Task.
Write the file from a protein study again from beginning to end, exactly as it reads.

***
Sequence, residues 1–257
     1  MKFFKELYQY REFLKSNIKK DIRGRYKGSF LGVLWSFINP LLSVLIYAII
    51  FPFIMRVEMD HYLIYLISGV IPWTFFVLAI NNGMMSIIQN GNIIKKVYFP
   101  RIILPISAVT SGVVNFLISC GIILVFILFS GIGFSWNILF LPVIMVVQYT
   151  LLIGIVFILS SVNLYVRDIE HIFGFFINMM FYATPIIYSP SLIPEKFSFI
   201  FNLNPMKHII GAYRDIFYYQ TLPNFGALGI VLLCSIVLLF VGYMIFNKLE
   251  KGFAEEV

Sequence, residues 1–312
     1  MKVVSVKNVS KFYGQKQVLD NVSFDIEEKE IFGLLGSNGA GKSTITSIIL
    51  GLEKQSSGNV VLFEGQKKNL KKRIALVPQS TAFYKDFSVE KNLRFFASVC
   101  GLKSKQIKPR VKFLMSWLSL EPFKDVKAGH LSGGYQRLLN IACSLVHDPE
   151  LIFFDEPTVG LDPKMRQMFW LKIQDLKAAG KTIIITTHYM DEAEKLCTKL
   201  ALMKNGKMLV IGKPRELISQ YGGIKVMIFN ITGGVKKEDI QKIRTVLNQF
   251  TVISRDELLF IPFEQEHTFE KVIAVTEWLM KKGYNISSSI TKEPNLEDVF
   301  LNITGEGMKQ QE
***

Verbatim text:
Sequence, residues 1–257
     1  MKFFKELYQY REFLKSNIKK DIRGRYKGSF LGVLWSFINP LLSVLIYAII
    51  FPFIMRVEMD HYLIYLISGV IPWTFFVLAI NNGMMSIIQN GNIIKKVYFP
   101  RIILPISAVT SGVVNFLISC GIILVFILFS GIGFSWNILF LPVIMVVQYT
   151  LLIGIVFILS SVNLYVRDIE HIFGFFINMM FYATPIIYSP SLIPEKFSFI
   201  FNLNPMKHII GAYRDIFYYQ TLPNFGALGI VLLCSIVLLF VGYMIFNKLE
   251  KGFAEEV

Sequence, residues 1–312
     1  MKVVSVKNVS KFYGQKQVLD NVSFDIEEKE IFGLLGSNGA GKSTITSIIL
    51  GLEKQSSGNV VLFEGQKKNL KKRIALVPQS TAFYKDFSVE KNLRFFASVC
   101  GLKSKQIKPR VKFLMSWLSL EPFKDVKAGH LSGGYQRLLN IACSLVHDPE
   151  LIFFDEPTVG LDPKMRQMFW LKIQDLKAAG KTIIITTHYM DEAEKLCTKL
   201  ALMKNGKMLV IGKPRELISQ YGGIKVMIFN ITGGVKKEDI QKIRTVLNQF
   251  TVISRDELLF IPFEQEHTFE KVIAVTEWLM KKGYNISSSI TKEPNLEDVF
   301  LNITGEGMKQ QE